Betsy DeVos, the Amway heiress who pretends to be an educator, has decided to strip campus protections on sexual assault. She bought her office by shoveling money at the Republicans, and her fawning bought her to chance to throw women under the bus. What a great and glorious boon for her legacy. The Education Secretary decided to drop the death-hammer on Title IX’s protection statues in Arlington yesterday. Obama put down rules to handle sexual assault, and Trump’s Education Secretary wants those rules smashed. According to the Times:
Saying that the Obama administration’s approach to policing campus sexual assault had “failed too many students,” Education Secretary Betsy DeVos said on Thursday that her administration would rewrite the rules in an effort to protect both the victims of sexual assault and the accused.
There’s that “both sides” phrasing that the Trump Administration is so fond of. See, it’s not enough that women have to suffer shame and degradation at the hands of indifferent administrators, or campus peace officers who would rather sexual crimes be hushed up. No, that is not enough for Betsy DeVos. The Secretary and her ghoulish court of flatterers have decided that rape victims have it too easy.
Ms. DeVos did not say what changes she had in mind. But in a strongly worded speech, she made clear she believed that in an effort to protect victims, the previous administration had gone too far and forced colleges to adopt procedures that sometimes deprived accused students of their rights. “Through intimidation and coercion, the failed system has clearly pushed schools to overreach,” she said in an address at George Mason University in suburban Arlington, Va. “With the heavy hand of Washington tipping the balance of her scale, the sad reality is that Lady Justice is not blind on campuses today.”
What a perfect blasphemy to make Lady Justice testify on your behalf, DeVos. It’s that little “fuck you” to sexual assault survivors that makes DeVos’ move cross the line from petty to self-satisfied evil. DeVos’ speech, such as it was, was a masterpiece of double-dealing and false consciousness. The results were inconvenient, so the results were abolished.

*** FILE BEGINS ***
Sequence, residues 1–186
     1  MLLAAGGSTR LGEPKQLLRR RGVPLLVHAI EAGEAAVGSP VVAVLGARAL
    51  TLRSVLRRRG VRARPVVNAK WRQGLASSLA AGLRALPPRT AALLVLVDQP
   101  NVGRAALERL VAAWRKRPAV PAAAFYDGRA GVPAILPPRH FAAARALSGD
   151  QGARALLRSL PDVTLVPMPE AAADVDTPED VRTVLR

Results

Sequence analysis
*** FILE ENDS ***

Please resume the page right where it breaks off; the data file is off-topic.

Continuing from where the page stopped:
There was no tangible evidence presented, no string of logic cited. Anecdotal evidence, such as the Boermeester case (where a team kicker was suspended for an assault that didn’t happen) were treated as if they were scientific law. DeVos the merciful handed down this ruling from on high with the kind of certitude that comes with being born to a pile of gold: I can make the guidelines for other people’s lives. Nobody else’s suffering matters. I make the rules. I, Betsy DeVos, can declare unilaterally that rape is not a Genuine Problem on college campuses.
DeVos does not live in the real world. Rape culture is real, and manifests in terrible ways. Higher education has a problem with sexual assault, and must face its responsibility. Rape culture exists because our society does not understand consent. Because we do not understand consent, our definitions of rape change and alter, to excuse some kinds of sexual assault and condemn others. But every kind of sexual assault is criminal and wrong. Why is that hard to comprehend?
Under Title IX of the Education Amendments passed in 1972, federally-funded programs cannot allow discrimination on the basis of sex. In due time, with growing awareness of the prevalence of sexual assault in higher ed, Title IX was expanded to protect students and staff against predation. How could anyone find fault with this?
No law is perfect, no human institution is ideal. Our laws were not made by the archangels, and cannot deliver spotless justice. But Title IX does not promise perfection. It provides a shield where a shield was needed. What Title IX says, very simply, is that schools cannot whitewash away sexual assault. They cannot pretend it does not exist, cannot blame it on the victim. As one commenter online pointed out, the right-wing alternative to Title IX is not that schools respond better; it is that they barely respond at all.
This is because conservatives like DeVos have always been privileged and powerful, and so they do not understand how influence works. Colleges have a financial and cultural incentive to pretend that sexual assault does not happen in their halls. This hiding-game is well-documented. Sexual harassment laws fall into the same category. Sexual harassment is real. As women entered professional America, harassment became a problem. It happened so often, so egregiously, over such a prolonged period of time, that it became necessary to pass laws. Sexual assault rules on college campuses follow the same pattern.
It is beyond dispute that occasionally innocent people are unjustly blamed, but that is not a serious argument against abolishing assault laws. This is the same movement that fetishizes guns on campus—universities are so deadly!—but claims in the same breath that women are not at danger. Which story do they prefer? Given DeVos’ statements, why would the truth matter to her at all?